I had selected seat 5A, the second-to-last seat in the larger, forward cabin. At my seat, I found menus, headphones, a plastic-wrapped duvet, and a pillow. There is ample storage at the seat, including a compartment in the armrest on the aisle, a larger compartment near the other armrest, and a drawer at the foot of the back of the seat in front.
The seat controls are pretty extensive and located near the tray table. In addition, a remote for the TV screen is located above the inner armrest. Power/USB outlets are somewhat hidden but well-positioned near the inner armrest and seat controls.
A friendly flight attendant came over to welcome me onboard and offer me a pre-departure beverage of regular champagne, rose champagne, orange juice, or water as I settled into my seat — I of course chose the champagne. A few minutes later, another flight attendant came by with a warm towel, while the service manager came by to welcome me as well and drop off pajamas and an amenity kit.
Qatar Airways is ahead of the game here, being one of the few carriers to offer pajamas in business class, but unfortunately on my flight they only had size L/XL pajamas and no S/M size. While the pajamas were comfortable, I felt like I was swimming in fabric and found it a little surprising that they hadn’t stocked ½ of the two sizes that they offer; I overheard several other passengers expressing disappointment at this as well. The amenity kit is produced by the Italian brand Brics, and contained the standard cosmetic items, along with earplugs and an eyemask. Finally, slippers, which I think just might be among the nicest airline slippers offered in any first or business class, were tucked away in the drawer at the back of the seat in front of me.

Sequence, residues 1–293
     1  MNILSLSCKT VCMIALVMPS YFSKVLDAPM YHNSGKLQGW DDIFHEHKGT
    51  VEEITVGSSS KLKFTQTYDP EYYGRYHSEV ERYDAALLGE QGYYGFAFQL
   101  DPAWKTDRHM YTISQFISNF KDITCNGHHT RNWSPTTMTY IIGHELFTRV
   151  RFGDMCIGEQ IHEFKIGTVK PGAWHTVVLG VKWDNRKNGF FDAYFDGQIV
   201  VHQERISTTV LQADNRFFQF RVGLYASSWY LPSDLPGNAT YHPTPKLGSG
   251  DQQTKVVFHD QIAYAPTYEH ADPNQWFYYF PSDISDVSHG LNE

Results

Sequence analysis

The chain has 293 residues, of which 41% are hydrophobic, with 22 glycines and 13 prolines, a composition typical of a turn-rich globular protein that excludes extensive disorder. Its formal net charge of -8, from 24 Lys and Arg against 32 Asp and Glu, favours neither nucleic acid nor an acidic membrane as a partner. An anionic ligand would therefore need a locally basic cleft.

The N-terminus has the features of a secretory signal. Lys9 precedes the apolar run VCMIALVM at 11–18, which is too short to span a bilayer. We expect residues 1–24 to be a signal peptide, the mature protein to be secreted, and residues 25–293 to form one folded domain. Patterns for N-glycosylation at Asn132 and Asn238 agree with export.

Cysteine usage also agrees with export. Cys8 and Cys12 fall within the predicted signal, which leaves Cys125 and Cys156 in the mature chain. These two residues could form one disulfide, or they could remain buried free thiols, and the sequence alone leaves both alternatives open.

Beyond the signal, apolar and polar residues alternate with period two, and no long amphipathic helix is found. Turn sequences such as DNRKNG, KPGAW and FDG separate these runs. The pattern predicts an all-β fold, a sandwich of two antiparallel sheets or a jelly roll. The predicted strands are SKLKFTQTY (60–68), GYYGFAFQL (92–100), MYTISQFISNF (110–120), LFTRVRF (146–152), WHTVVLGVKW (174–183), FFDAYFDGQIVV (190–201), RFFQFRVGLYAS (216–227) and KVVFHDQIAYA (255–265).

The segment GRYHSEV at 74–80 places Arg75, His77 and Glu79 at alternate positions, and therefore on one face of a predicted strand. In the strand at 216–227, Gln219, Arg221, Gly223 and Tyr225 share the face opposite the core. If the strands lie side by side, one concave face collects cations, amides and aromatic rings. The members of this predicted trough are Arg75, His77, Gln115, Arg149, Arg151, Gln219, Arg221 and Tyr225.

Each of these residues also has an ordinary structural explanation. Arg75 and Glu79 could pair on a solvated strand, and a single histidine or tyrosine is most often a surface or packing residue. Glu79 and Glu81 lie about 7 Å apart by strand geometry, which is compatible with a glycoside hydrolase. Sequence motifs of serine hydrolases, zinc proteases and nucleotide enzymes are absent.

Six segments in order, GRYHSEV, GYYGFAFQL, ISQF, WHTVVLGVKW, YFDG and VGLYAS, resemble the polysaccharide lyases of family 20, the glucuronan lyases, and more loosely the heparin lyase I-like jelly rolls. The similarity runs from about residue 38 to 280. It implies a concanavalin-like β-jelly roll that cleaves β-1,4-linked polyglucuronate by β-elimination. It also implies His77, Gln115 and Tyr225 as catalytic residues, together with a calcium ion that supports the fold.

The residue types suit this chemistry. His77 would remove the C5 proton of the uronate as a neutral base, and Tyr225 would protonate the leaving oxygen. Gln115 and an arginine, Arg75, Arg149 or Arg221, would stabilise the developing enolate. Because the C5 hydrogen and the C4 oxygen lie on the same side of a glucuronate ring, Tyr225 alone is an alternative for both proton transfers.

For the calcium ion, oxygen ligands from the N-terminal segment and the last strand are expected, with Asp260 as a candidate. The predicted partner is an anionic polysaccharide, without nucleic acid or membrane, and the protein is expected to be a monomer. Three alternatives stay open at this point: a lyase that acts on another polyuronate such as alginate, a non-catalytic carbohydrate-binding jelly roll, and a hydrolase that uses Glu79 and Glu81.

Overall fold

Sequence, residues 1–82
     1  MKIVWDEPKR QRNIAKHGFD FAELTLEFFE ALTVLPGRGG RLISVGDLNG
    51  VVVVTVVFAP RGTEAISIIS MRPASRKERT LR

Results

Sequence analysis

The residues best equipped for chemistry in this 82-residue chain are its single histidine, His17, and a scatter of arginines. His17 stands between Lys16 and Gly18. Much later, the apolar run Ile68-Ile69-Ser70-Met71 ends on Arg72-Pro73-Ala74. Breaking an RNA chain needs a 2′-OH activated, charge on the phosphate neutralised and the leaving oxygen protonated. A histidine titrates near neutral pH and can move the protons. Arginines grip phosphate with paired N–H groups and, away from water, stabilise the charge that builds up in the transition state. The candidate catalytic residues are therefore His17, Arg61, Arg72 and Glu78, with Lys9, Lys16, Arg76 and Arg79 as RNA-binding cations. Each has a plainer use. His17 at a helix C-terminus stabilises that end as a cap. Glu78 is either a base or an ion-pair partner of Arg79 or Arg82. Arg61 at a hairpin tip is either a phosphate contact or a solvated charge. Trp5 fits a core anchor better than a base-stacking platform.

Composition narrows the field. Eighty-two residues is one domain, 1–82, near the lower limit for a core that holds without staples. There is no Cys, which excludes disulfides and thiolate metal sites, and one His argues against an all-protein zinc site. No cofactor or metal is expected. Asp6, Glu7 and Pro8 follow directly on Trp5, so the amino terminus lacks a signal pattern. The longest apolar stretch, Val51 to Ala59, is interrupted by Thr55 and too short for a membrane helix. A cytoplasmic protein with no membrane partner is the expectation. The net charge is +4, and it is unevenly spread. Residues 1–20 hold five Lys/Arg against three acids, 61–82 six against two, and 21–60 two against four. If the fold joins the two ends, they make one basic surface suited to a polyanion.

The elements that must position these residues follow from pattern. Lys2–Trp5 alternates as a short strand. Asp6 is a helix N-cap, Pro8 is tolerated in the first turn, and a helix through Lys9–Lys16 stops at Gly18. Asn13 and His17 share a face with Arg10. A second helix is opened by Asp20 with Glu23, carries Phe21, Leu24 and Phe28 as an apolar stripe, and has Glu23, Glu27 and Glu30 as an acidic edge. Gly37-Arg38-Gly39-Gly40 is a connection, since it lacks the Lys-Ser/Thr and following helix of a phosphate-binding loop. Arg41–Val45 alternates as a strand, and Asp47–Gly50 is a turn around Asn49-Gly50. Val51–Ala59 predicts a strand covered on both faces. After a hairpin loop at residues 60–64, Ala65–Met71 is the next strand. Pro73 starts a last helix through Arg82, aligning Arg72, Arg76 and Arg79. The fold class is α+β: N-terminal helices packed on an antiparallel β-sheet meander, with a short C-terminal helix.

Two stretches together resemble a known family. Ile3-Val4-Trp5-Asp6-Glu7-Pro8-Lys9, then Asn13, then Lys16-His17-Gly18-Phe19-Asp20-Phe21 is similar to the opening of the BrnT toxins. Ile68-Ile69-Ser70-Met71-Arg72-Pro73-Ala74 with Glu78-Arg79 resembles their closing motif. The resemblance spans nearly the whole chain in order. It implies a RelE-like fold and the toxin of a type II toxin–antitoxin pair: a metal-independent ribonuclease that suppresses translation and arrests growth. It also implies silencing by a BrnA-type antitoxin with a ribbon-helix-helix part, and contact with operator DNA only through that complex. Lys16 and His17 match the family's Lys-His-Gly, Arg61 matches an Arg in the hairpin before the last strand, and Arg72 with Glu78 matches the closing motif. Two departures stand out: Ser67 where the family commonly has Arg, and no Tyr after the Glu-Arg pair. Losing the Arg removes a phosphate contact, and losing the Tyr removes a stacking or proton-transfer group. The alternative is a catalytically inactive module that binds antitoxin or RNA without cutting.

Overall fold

As I sipped my champagne, I tried playing around a bit with the IFE system. Unfortunately the screen seemed to be having some issues and was not responsive to touch, so I had to use the remote attached to my seat to navigate around the IFE. The response time of the remote wasn’t particularly good, and after a few minutes I found it to be more trouble than it was worth and decided to just put on the tailcam. The external cameras on the A350 are the best out there, and the picture quality is fantastic.
The flight attendant working my aisle came around several minutes later to explain Qatar’s dine-on-demand menu, which allows passengers to eat whatever they want on the menu, whenever they want. While dine-on-demand is common in first class these days, it’s a great touch that Qatar has it in business class as well.